12:00 and 13:00.
I cruised to half way point with the time of 1:38:08 (chip time). Perfect
execution I said to myself. At this point, I found I started to pass more
and more runners. That was encouraging. But at the same time, I started to
develop side stitch. It was not very painful but it really bothered me. I
had to change my breathing pattern to fight for it. Eventually, I found 2-in
-3-out breathing pattern helped most. It was still painful but much more
For the next several miles, I had to fight with the side stitch and my
gradually tight leg muscle. But side stitch gave me more problems. Running
was easy when there was not much pain in my liver area and became much
tougher when the pain intensified. But overall, I still managed to hold 7:30
pace until I saw mile 19 sign.
Now there came the notorious hills. The first significant hill was midway
through mile 20. The next hill was a nasty one, it was actually a series of
hills, some quite steep for running at about 15 degree. It started midway
through mile 21 right after the race course turned west. Quite a few runners
started to walk, but I kept on running and surprisingly, I found I was
faster on hills than anyone around me. Well, it helps to be a climber.
My split wasn’t so encouraging though. Mile 20 split 8:00, mile 21, 8:39.
Right at mile 21 sign was a steep downhill. After racing down this section,
my legs were partly dead. I found it very hard to pick up much speed. Soon
there were more hills, both up and down, although not as big as the one at
mile 21. My legs had to take more and more torture. Worse yet, the pain from
the side stitch was now at its worst. I could only take shallow breaths as
the deep breaths caused too much pain. I did not know how I endured these
miles but I toughed it out.
Finally there came the mile 23 sign. All major hills were behind me.
Miraculously, my side stitch was gone too. It was time for me to pick up
more speed. It felt it required some mental focus to do so as the small pack
of runners around me all slowed down. I sped up and kept on going, passing
one runner after another.
There were a few sections in that part of the race course that had only one
lane set up for the race. Unfortunately there were some half marathon
walkers still walking there. Some walkers were not very considerate and they
walked abreast and blocked the entire lane. At one spot I ran through the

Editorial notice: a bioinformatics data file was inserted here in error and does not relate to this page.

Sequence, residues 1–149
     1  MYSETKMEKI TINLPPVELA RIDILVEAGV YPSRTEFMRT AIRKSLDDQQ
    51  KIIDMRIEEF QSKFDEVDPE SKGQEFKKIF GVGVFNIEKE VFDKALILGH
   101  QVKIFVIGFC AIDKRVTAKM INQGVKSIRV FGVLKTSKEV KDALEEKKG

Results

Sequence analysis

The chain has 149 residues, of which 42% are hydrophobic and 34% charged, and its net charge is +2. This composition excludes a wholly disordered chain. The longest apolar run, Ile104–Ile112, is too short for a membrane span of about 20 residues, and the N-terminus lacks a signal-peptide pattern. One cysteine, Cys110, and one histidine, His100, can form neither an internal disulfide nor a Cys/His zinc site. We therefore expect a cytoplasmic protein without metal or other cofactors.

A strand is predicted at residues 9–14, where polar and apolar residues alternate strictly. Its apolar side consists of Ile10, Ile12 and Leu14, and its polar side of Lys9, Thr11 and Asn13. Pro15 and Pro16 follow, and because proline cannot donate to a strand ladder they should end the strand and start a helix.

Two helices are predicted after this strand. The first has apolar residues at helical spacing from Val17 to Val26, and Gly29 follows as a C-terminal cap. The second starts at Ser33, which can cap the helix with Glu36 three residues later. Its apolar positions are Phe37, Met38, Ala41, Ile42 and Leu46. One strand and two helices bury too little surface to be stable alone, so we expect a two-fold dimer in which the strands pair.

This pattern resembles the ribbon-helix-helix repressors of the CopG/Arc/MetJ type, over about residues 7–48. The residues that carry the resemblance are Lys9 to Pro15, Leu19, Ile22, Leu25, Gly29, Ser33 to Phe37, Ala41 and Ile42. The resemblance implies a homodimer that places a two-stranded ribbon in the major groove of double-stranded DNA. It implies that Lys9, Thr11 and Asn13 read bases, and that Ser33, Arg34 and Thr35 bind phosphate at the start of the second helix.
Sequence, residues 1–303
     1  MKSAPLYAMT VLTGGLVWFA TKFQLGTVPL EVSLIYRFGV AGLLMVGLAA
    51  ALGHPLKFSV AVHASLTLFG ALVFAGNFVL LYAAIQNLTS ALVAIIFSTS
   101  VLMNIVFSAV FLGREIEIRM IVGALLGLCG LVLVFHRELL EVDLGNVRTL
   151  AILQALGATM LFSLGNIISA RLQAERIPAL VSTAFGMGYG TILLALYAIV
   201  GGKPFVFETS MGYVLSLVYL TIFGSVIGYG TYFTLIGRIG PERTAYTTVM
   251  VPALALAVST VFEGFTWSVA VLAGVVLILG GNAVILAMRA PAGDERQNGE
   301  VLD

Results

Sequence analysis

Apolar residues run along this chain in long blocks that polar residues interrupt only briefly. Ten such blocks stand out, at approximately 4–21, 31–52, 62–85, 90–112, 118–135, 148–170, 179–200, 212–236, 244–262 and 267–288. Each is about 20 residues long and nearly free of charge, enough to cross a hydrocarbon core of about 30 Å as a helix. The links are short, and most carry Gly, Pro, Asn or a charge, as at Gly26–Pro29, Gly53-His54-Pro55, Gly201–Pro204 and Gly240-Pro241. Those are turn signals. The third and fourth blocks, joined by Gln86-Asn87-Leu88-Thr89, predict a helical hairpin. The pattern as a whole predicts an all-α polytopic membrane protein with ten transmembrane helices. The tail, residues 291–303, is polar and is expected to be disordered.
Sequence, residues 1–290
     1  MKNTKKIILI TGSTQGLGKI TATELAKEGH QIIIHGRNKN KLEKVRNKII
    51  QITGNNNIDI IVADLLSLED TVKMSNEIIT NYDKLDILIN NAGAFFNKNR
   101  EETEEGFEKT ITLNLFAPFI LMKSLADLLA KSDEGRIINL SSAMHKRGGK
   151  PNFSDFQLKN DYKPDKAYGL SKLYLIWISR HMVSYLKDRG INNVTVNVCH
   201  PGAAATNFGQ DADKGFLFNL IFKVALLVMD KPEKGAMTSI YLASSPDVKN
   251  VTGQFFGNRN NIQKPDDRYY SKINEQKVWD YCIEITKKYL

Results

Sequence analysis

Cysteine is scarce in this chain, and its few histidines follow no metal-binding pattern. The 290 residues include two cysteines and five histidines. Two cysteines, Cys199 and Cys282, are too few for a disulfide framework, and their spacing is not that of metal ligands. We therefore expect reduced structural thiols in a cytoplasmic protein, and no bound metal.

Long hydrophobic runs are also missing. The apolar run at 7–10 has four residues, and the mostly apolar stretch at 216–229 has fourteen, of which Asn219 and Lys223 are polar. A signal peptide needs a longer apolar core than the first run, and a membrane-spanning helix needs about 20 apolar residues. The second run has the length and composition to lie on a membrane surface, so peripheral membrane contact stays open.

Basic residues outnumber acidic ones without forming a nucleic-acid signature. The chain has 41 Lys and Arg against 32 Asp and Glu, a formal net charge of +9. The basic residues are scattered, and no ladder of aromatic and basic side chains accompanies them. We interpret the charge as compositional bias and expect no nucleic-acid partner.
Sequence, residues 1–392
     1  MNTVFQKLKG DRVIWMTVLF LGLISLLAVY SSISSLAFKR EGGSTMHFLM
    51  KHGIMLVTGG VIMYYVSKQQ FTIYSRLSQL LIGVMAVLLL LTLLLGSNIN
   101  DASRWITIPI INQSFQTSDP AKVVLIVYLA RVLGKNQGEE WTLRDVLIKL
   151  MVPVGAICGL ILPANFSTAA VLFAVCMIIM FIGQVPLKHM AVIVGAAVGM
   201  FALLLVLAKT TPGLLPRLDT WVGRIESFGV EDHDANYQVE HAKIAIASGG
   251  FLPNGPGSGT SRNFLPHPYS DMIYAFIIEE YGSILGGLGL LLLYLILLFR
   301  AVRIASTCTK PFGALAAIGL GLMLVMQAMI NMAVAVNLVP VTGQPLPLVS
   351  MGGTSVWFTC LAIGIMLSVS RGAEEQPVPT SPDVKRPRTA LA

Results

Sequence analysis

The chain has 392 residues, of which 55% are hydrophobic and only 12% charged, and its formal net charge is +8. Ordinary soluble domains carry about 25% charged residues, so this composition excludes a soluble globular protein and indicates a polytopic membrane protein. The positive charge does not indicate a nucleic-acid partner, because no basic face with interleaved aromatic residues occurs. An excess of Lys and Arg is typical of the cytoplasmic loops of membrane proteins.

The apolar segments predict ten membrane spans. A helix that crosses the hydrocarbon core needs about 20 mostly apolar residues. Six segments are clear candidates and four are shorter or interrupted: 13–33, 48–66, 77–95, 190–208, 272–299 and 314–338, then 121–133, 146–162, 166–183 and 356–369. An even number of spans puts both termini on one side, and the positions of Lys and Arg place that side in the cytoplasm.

gap between two over-weight lady walkers and one of them suddenly moved
laterally to close the gap. I could not stop myself and ended up colliding
with the 200+ lbs lady and bounced off like a pinball.
Due to my slowness on the hilly miles, I realized I needed to get back to 7:
30 pace to make BQ proper (i.e., 3:20:00, not 3:20:xx). I pushed and pushed
but I found it was impossible to run at that pace, especially now that I ran
by myself and no one was within 50 feet of me. At mile 25 sign, my watch
showed a time of 3:11:18. I thought BQ would be a virtually certainty with
almost 10 minutes to cover the last 1.2 miles, but 3:20 would be nearly
impossible. I said to myself, less than 10 more minutes, the agony would be
I apparently lost some mental focus and slowed down unconsciously at this
point. The last mile, being mostly downhill with a uphill near end, took me
8:13, the second slowest mile behind the mile 21 which had the nasty hill.
Near the end of the mile, I heard people yelling my name. It was cookiejar.
I did not know if I nodded at him or waved at him. I was nearly spent at
Mile 26 sign. My watch showed 3:19:31. Only 1:28 left. I was a bit shocked.
I couldn’t do math at that point but my intuition told me it would take a
sub-7:00 effort to BQ. What? I may not make it after going through all the
pain so far? You mean I have to train another 4 months to BQ? No way! TNND,
老子拼了. I sprinted the last 0.2 miles, giving everything I had, and
crossed the finishing line with clock showing 3:20:53. I made it!
I could hardly stand after I crossed the finish line. No excitement, no
tears, just feeling peaceful and genuinely happy.
This is a very tough year for me personally. But I did achieve two goals
that I have had for many years, climbing Mt Rainier Liberty Ridge and BQ.